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Ireland’s National Food Waste Prevention Roadmap – a pathway to reduce food waste by 50% by 2030

SustainabilityPublic Affairs
Ireland’s National Food Waste Prevention Roadmap – a pathway to reduce food waste by 50% by 2030

By Declan Hegarty

Food waste is a global problem with environmental, social and economic consequences. Growing, processing, and transporting food all use significant amounts of resources, and at a time when global supply chain issues are to the fore, the far-reaching effects are obvious with food waste accounting 8-10% of total anthropogenic (human induced) GHG emissions.

According to the Environmental Protection Agency (EPA), based on current estimates, Ireland generates approximately 1.1 million tonnes of food waste per year, which represents a carbon footprint at an estimated 3.6 Mt CO2eq2. Unsurprisingly, about a third of food waste arises in retail and catering, with a somewhat smaller share of waste from consumers, and a larger share from producers.

Tackling food waste and loss is essential to achieving sustainability, to help combat climate change, and in supporting Ireland’s transition to a circular economy. It also leads to savings for consumers and operators. On top of that, the recovery and redistribution of surplus food, which would otherwise be wasted, has an important social dimension in terms of providing food for those in need.


The Government’s recently published National Food Waste Prevention Roadmap, a commitment in Ireland’s Waste Action Plan for a Circular Economy and the Government’s 2021 Climate Action Plan, provides a pathway to reduce food waste by 50% by 2030. Launched by the Department of Environment, Climate and Communications, it also sets out actions on – food waste segregation; food donation; research; and communications to help households to avoid food waste and also looks at what the public sector can do to tackle food waste through improved procurement practices.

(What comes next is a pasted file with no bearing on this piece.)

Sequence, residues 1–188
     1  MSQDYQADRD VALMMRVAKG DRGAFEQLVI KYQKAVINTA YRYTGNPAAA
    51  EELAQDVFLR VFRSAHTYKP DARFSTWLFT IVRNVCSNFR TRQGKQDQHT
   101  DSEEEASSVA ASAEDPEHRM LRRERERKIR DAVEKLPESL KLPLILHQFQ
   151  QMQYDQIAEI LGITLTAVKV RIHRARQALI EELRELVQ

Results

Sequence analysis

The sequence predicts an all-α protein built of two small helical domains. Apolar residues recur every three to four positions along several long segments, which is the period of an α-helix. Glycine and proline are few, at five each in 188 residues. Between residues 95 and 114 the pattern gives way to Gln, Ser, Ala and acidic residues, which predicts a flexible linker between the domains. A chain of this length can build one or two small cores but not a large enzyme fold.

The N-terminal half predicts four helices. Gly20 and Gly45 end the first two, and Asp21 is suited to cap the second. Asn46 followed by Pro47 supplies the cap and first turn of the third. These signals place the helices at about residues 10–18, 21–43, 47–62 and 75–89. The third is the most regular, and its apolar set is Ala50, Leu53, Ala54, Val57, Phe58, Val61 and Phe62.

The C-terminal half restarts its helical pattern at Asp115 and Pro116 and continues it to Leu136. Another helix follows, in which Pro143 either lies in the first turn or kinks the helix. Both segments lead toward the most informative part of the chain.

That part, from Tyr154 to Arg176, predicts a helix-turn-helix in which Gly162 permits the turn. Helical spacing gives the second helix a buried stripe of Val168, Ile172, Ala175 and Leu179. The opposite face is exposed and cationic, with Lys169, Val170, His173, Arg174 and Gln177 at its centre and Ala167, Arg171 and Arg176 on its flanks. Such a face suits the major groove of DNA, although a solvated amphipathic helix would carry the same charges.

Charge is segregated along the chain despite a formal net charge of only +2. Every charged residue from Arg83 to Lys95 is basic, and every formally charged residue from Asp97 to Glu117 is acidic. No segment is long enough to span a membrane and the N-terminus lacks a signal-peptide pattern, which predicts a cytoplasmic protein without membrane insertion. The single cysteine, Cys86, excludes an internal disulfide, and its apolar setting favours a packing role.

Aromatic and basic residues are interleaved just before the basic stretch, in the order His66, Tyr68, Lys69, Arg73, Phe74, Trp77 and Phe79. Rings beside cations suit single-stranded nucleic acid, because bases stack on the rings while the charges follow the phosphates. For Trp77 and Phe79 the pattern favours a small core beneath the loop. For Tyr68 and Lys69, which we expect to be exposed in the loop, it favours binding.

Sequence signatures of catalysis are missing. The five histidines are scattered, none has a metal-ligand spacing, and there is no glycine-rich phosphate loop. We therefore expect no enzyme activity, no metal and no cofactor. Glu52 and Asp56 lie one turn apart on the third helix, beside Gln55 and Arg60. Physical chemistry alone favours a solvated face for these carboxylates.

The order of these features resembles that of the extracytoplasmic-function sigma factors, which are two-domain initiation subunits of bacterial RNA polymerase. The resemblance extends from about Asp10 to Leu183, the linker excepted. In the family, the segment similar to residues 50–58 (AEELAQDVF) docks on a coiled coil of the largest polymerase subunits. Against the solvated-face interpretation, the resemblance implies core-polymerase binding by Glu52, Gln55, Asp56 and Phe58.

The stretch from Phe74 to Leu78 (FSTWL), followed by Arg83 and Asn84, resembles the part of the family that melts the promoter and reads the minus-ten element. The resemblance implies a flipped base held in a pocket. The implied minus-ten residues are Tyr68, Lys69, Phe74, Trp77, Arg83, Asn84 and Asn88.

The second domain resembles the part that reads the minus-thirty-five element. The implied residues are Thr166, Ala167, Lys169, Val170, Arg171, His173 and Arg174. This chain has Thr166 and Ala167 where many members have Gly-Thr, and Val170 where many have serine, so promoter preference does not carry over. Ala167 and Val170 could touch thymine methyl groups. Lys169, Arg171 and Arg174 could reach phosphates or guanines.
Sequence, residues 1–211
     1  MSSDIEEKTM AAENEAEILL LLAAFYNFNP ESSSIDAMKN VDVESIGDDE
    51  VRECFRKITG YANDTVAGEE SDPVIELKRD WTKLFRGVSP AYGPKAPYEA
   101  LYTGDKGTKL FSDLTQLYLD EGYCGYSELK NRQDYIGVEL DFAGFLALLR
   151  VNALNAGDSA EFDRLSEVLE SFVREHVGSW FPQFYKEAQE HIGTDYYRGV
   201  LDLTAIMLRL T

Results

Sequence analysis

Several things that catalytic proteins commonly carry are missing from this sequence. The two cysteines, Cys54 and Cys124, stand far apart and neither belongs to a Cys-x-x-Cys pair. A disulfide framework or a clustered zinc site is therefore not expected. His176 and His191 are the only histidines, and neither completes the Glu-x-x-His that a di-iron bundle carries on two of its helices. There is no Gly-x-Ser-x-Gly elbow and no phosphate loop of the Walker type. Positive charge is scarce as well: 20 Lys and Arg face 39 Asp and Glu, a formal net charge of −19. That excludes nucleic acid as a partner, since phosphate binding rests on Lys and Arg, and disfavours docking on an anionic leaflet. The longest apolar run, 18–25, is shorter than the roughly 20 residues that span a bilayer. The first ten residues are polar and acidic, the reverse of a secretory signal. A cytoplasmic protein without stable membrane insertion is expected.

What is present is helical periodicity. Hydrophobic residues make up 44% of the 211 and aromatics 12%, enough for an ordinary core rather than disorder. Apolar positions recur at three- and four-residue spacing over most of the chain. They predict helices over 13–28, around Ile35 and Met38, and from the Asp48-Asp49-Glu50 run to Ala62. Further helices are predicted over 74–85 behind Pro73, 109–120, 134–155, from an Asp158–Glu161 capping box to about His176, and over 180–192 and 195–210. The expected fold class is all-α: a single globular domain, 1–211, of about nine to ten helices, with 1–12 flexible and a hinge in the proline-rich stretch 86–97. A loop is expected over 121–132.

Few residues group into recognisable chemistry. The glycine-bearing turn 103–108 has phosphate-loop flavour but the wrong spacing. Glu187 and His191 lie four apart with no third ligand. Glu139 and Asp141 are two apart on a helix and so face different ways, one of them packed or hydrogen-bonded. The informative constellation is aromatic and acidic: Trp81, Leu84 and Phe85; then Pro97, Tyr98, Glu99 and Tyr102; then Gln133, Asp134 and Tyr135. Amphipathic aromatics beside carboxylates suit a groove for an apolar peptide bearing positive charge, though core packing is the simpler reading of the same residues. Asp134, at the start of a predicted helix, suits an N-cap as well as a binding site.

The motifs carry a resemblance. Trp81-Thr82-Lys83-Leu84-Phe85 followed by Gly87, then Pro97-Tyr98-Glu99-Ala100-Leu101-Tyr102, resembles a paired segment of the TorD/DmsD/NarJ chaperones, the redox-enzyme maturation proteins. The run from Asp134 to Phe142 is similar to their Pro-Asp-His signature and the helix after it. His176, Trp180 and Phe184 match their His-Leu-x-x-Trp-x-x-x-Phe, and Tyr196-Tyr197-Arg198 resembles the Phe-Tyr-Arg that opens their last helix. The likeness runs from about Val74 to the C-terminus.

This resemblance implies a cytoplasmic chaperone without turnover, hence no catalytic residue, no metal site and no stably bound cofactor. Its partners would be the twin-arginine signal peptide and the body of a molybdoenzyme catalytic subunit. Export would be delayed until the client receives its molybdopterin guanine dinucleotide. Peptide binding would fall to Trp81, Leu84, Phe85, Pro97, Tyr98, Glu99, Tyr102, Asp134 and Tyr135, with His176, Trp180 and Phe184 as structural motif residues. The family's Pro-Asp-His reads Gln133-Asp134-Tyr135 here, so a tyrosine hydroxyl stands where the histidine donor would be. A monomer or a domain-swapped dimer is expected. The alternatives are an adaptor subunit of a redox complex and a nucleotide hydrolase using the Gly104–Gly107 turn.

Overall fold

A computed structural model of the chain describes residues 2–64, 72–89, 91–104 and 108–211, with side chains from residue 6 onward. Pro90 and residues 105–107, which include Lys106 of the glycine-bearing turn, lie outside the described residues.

It focuses on using circular economy approaches and stresses the importance of all sectors, including those in production and distribution, playing their part in a strategic and collaborative approach. Measuring and reporting on food waste, including the establishment of a monitoring and evaluation framework to check progress, will have a key role in achieving food waste goals.

Stakeholder perspectives

A global challenge also requires a global approach. Ireland’s commitments are in line with Goal 12 of the United Nations Sustainable Development Goals (UN SDGs) with a target to, ‘by 2030, halve per capita global food waste at the retail and consumer levels and reduce food losses along production and supply chains, including post-harvest losses.’

They are also in line with EU with a number of Circular Economy goals and its Farm to Fork strategy (2020). Both EU and Irish food waste policy is grounded in the waste hierarchy, where prevention and reuse actions come first before other options are considered.  At the centre of both policies are day to day actors and stakeholders, and Minister of State with special responsibility for Communications and Circular Economy, Ossian Smyth TD, has been quick to point out that “every individual, every household, every business and every organisation has a role to play.”

The role of packaging

Furthermore, the interchange between food waste and packaging is obvious. Increasingly complex and extended food supply chains mean that an increasing amount of food items require sustainable packaging to ensure delivery of high-quality safe food. Consequently, this is a great opportunity to integrate our food and packaging systems to work sustainability with each other.

A key pillar of the Waste Action Plan for a Circular Economy acknowledges the role of packaging in food preservation with a commitment to support the design and roll out of packaging developed by retailers and the packaging industry that meets the needs of food preservation without encouraging the generation of packaging waste, especially plastic packaging.

Balancing act

The challenge for the Government will be managing its efforts to legislate for a global problem while seeking to marry environmental concerns with the reality of modern-day macro level drivers.

Ongoing policy examination is required to understand how food waste can work in a circular economy and in developing an effective strategy to deliver on these new ambitions. This consultation is a step in the right direction and gives all sectors the opportunity to have their say.

If you want to find out more about Ireland’s National Food Waste Prevention Roadmap, please get in touch with us.

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